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UK Allows Bigger Shale Licences, Imposes Quicker Data Disclosure


Britain on Tuesday further adapted its rules to accommodate shale gas exploration by allowing operators to hold bigger acreage, but it also cut the time explorers have to share drilling data to six months in a bid to help transparency.

The British government supports the development of shale gas as a means to cut dependence on energy imports and to create jobs and it has paved the way for exploration to start by introducing favourable tax terms and local community incentives.

Energy Minister Michael Fallon said on Tuesday he had signed orders to implement further changes that will allow onshore oil and gas licence holders to retain larger land areas than before.

Conventional oil and gas is typically concentrated in small areas holding large volumes of fossil fuels, but shale gas is more dispersed.

“These changes will reduce costs to the licensee but they won’t lead to land-banking as plans for meaningful activity will have to be approved,” he told a shale gas industry conference.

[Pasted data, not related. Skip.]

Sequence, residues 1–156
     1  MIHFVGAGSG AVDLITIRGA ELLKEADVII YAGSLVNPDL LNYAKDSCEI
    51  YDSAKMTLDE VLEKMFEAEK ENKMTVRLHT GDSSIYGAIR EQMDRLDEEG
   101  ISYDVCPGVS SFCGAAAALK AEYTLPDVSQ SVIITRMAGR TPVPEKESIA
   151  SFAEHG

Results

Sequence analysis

The Minister also said he had signed the order to cut the confidentiality period on flow rates and fracking data to six months from four years.

“It is important that everyone has access to this information earlier,” he said.

The support for shale gas by the Conservative-Liberal Democrat coalition government comes ahead of a 2015 general election.

Tom Greatrex, energy minister at the opposition Labour Party, said at the same conference his party largely supported shale gas exploration within a tightly regulated framework.

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